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BEGIN:VEVENT
UID:/NewsandEvents/Archives/2004/newsitem/658/17-M
arch-2004-General-Mathematics-Colloquium-John-Kuip
er
DTSTAMP:20040311T000000
SUMMARY:General Mathematics Colloquium, John Kuipe
r
ATTENDEE;ROLE=Speaker:John Kuiper (Utrecht)
DTSTART;TZID=Europe/Amsterdam:20040317T111500
DTEND;TZID=Europe/Amsterdam:20040317T121500
LOCATION:Room P.014, Euclides building, Plantage M
uidergracht 24, Amsterdam
DESCRIPTION:In the beginning of the twentieth cent
ury a new movement was added to the existing two t
hat attempted to lay a solid foundation for the ma
thematical building. After Frege, Russell and Cout
urat, who viewed logic as the ultimate basis for m
athematics, and Hilbert's formalist approach in wh
ich mathematics is just a manipulation with meanin
gless signs and symbols, Brouwer worked out earlie
r ideas by PoincarĂ© and Borel: mathematics has an
extra-logical content too. For Brouwer, the ult
imate basis for all mathematics is the ur-intuitio
n of `the move of time', that is, the experience o
f the fact that two not-coinciding mental events a
re connected by a time continuum. Departing from t
his ur-intuition, the whole of mathematics, hence
including set theory and geometry, can be construc
ted. In is early years as an active mathematician
(in his own terms: his `first intuitionistic perio
d', between 1907 and, say, 1914; note that most of
his time during those years was spent on topology
) his constructivistic requirements were very stri
ct: only that what is constructed by the individua
l mind (mathematics is essentially languageless) c
ounts as a mathematical object. In this lecture we
will work this out for the logical figure of the
hypothetical judgement in a mathematical context,
and we will see that, in hindsight, Brouwer went t
oo far in his constructivism. For more informat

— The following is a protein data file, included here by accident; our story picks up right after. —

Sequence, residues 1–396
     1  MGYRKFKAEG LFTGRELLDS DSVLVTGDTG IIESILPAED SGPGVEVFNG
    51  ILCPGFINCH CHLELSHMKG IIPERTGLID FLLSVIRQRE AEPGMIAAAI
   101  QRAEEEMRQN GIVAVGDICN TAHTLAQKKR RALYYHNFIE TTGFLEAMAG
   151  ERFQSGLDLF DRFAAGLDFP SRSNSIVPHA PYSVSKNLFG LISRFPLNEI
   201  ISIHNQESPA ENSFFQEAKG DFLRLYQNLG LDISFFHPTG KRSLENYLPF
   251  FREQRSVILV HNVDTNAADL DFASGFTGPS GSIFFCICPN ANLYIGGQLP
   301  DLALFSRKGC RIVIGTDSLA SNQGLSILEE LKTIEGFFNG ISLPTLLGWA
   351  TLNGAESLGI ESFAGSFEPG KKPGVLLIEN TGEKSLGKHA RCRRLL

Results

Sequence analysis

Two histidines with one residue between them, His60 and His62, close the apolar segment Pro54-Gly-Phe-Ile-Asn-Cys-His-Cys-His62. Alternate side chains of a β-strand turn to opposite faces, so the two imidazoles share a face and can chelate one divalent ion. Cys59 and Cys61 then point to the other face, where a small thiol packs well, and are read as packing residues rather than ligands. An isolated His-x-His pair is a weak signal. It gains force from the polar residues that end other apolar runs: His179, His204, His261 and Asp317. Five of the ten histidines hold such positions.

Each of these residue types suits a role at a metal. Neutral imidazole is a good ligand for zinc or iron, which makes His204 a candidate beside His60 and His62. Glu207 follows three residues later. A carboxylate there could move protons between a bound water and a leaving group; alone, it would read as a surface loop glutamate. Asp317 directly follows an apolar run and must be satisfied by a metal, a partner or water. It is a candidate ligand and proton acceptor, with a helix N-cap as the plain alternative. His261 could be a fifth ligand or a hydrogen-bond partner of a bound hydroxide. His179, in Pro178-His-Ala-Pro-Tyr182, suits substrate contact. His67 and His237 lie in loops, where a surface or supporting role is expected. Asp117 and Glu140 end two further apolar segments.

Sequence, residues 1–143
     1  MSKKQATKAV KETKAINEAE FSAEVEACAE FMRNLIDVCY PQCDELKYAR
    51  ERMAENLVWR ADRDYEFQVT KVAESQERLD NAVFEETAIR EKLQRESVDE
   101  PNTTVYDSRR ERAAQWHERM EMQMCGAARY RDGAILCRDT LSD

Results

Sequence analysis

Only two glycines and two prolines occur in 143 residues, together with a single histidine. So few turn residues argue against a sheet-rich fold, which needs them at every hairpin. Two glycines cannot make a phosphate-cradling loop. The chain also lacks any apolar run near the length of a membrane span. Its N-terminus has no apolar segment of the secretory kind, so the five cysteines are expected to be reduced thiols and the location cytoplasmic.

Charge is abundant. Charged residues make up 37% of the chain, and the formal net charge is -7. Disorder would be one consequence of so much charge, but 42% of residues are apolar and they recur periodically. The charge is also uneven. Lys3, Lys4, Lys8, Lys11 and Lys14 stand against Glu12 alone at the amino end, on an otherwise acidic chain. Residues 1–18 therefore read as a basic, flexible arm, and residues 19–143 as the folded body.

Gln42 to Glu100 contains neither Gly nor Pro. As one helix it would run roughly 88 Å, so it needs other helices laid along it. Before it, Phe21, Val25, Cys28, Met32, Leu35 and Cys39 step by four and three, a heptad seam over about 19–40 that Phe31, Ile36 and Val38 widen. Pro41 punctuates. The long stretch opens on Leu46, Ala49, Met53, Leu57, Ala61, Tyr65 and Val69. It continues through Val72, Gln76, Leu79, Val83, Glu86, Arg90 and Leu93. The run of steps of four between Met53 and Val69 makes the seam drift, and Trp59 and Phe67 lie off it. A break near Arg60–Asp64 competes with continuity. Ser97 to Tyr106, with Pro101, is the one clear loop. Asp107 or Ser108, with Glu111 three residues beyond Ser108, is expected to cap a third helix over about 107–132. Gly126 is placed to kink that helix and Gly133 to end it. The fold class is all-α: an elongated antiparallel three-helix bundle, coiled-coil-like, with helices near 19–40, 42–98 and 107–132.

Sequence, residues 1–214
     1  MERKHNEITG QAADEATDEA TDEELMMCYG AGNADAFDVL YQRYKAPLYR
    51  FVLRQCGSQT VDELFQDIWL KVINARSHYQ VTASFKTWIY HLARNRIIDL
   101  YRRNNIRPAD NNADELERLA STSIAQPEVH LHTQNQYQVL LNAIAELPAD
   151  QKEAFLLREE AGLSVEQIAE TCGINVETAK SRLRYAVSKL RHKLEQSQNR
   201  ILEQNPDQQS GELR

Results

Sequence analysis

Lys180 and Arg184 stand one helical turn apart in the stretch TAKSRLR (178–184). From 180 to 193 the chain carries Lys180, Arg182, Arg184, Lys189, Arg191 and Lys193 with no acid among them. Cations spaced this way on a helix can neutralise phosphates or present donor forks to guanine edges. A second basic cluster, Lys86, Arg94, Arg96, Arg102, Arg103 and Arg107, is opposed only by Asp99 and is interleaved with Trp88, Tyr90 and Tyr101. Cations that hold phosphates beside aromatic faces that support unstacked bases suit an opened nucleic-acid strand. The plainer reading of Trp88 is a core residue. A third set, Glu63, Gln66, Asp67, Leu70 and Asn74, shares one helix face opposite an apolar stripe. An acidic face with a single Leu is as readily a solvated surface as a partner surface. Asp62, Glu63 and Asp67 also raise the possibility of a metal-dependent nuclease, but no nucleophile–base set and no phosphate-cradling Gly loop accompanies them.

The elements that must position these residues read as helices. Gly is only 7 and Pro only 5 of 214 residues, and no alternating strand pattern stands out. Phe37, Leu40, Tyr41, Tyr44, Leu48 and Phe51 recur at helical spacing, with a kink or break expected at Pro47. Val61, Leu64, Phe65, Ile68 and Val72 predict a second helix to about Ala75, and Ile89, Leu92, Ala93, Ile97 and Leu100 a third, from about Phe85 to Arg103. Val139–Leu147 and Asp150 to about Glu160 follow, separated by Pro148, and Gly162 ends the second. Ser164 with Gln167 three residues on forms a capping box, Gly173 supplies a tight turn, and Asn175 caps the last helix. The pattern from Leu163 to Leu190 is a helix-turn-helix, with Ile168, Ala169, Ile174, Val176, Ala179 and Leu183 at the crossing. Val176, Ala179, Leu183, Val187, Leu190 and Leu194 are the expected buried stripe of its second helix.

ion, see http://www.science.uva.nl/research/math/c
alendar/colloq/
X-ALT-DESC;FMTTYPE=text/html:\n \n
In the beginning of the twentieth century a new mo
vement was added to the existing two that attempte
d to lay a solid foundation for the mathematical b
uilding. After Frege, Russell and Couturat, who vi
ewed logic as the ultimate basis for mathematics,
and Hilbert's formalist approach in which mathemat
ics is just a manipulation with meaningless signs
and symbols, Brouwer worked out earlier ideas by P
oincaré and Borel: mathematics has an extra
-logical content too.\n

\n \n
For Brouwer, the ultimate basis for all mathem
atics is the ur-intuition of `the move of time', t
hat is, the experience of the fact that two not-co
inciding mental events are connected by a time con
tinuum. Departing from this ur-intuition, the whol
e of mathematics, hence including set theory and g
eometry, can be constructed. In is early years as
an active mathematician (in his own terms: his `fi
rst intuitionistic period', between 1907 and, say,
1914; note that most of his time during those yea
rs was spent on topology) his constructivistic req
uirements were very strict: only that what is cons
tructed by the individual mind (mathematics is ess
entially languageless) counts as a mathematical ob
ject. In this lecture we will work this out for th
e logical figure of the hypothetical judgement in
a mathematical context, and we will see that, in h
indsight, Brouwer went too far in his constructivi
sm.\n

\n \n \n For more
information, see \n http://www.science.uva.nl/research/math
/calendar/colloq/\n

URL:/NewsandEvents/Archives/2004/newsitem/658/17-M
arch-2004-General-Mathematics-Colloquium-John-Kuip
er
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